Monitoring endogenous Wnt signaling in EML cells

To test for the presence of wnt10a mRNA, four sets of PCR primers were designed cross introns, which could distinguish between genomic DNA and spliced cDNA.

Wnt10a forward primer 1:GCGCTCCTGTTCTTCCTACT, Wnt10a reverse primer 1: GATCTGGATGCCCTGGATAG; Wnt10a forward primer 2: GGCGCTCCTGTTCTTCCTAC, Wnt10a reverse primer 2: ATGCCCTGGATAGCAGAGG; Wnt10a forward primer 3: CATGAGTGCCAGCATCAGTT, Wnt10a reverse primer 3: ACCGCAAGCCTTCAGTTTAC; Wnt10a forward primer 4: CATGAGTGCCAGCATCAGTT, Wnt10a reverse primer 4: AGCCTTCAGTTTACCCAGAGC.

Total EML cells (5×104) were infected with lentivirus containing either a CMV-GFP construct or a Tcf/Lef-GFP construct (SABiosciences) at a MOI of 1, 5, 10, and 20. After 24 hours, cells were selected in EML GM with puromycin (1.2 µg/ml). Selected cells were expanded in EML GM for 4–6 days. Cells were incubated for 24 hours in either LiCL (50 mM), WNT3a (400 uM, PeproTech) or WNT5a (400 um, PeproTech). Cells were analyzed by FACSCalibur (BD Biosciences).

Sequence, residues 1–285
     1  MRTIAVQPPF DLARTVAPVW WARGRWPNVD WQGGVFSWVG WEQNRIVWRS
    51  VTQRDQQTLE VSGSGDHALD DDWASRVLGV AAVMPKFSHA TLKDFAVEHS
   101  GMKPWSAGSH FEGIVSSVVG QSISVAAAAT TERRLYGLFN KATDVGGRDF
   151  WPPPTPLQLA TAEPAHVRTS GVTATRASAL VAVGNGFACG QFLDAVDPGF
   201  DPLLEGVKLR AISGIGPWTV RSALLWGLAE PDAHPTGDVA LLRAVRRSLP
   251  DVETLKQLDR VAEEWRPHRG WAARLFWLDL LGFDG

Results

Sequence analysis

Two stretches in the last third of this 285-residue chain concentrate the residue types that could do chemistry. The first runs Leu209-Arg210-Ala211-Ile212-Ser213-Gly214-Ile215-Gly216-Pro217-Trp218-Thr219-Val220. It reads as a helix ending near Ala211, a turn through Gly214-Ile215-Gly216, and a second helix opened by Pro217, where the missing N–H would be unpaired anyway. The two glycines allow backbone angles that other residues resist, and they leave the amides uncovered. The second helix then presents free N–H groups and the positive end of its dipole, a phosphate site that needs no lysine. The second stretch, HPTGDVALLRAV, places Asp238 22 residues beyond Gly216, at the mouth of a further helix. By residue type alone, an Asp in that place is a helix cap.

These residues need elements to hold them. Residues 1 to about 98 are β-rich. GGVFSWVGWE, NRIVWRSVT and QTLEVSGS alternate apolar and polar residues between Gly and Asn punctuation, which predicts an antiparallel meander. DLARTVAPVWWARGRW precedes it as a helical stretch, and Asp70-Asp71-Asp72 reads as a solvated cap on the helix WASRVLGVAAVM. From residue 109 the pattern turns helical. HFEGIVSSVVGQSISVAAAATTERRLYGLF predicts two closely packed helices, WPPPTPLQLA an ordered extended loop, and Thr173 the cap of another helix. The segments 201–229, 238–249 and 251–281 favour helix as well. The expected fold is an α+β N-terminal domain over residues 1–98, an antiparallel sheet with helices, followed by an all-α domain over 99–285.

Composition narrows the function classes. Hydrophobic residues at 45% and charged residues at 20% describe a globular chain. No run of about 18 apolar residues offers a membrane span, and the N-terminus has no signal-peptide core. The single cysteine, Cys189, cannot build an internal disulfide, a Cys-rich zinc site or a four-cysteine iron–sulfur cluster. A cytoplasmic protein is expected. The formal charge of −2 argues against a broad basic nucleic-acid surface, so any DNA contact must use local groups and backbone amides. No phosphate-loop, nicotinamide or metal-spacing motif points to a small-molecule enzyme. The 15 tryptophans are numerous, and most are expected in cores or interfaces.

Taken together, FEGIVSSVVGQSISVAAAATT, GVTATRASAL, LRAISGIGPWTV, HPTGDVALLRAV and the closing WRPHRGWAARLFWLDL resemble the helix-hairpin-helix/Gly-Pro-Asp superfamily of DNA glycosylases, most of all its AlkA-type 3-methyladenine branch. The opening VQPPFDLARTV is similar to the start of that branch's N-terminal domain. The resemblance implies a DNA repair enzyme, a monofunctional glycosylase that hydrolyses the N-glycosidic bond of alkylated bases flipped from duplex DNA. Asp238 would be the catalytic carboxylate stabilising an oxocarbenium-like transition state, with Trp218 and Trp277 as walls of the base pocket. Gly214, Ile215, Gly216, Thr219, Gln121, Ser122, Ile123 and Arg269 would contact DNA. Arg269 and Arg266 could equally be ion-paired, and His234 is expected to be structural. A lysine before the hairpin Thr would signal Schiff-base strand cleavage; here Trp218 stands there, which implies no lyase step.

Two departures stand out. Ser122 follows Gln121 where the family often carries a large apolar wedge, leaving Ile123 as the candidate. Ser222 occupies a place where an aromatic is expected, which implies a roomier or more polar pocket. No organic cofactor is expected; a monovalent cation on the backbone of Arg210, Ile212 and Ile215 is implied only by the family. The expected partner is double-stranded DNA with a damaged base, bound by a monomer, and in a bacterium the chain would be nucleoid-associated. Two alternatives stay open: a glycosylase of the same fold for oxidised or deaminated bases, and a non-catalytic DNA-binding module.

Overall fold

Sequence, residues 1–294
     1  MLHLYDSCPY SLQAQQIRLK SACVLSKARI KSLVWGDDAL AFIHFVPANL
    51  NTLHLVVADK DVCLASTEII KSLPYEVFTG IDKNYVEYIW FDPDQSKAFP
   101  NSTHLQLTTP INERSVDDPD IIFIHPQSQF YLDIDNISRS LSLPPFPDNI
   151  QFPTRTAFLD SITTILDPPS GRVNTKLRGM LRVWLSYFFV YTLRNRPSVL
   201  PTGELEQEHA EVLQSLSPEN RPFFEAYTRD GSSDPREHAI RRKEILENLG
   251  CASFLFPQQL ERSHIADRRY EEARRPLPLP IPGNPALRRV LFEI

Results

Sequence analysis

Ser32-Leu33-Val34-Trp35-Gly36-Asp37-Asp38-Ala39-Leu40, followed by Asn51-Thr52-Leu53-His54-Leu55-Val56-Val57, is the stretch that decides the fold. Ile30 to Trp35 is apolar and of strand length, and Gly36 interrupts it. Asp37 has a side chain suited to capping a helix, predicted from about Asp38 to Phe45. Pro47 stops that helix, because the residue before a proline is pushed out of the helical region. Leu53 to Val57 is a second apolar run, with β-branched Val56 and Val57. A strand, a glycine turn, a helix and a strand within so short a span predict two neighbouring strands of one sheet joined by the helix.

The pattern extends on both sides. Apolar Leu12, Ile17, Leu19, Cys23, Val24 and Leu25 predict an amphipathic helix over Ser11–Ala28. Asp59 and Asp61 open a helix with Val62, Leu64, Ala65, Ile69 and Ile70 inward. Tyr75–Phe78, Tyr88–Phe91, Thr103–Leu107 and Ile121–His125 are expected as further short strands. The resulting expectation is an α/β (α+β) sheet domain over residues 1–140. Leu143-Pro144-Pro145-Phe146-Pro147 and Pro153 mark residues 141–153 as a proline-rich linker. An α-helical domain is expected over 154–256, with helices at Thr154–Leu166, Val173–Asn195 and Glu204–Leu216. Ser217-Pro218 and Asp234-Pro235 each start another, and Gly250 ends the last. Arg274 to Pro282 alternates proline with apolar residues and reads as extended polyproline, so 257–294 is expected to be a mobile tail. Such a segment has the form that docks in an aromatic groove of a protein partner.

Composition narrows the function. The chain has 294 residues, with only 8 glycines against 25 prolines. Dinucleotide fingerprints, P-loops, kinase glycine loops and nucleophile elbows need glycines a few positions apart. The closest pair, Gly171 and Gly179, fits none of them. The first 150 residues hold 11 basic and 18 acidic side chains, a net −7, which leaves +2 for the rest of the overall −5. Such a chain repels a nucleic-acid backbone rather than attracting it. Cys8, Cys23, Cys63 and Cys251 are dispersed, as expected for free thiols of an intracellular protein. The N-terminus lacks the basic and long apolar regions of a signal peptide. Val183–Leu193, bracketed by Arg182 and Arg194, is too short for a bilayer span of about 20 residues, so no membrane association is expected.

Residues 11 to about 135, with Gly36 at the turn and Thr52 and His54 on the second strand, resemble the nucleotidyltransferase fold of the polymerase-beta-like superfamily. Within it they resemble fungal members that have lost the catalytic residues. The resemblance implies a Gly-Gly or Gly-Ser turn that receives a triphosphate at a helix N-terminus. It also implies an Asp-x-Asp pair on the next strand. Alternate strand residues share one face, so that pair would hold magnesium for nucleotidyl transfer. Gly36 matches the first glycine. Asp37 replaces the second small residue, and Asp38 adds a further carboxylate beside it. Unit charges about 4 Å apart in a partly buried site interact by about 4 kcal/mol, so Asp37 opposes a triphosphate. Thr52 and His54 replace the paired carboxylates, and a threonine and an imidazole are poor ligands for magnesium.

Supporting Information

Figure S1.

Analysis of the DNA sequence motifs that were enriched among up-regulated genes in CD34+ cell. DIRE analysis shows binding motifs of the TCF family of transcription factors (TF) are among the DNA sequence motifs that were enriched in up-regulated genes (>1.5 fold) in CD34+ cell. The pie chart indicates the distribution of the locations of the potential regulatory element. 1.5 kb upstream of the transcription start site is considered as a promoter region. TF occurrence: percentage of candidate regulatory elements containing a conserved binding site for a particular TF. TF importance: product of TF occurrence and TF weigh (DiRE optimization procedure calculates a weight for each transcription factor (TF) as a measure of its association with the input gene set) (see details at: http://dire.dcode.org/).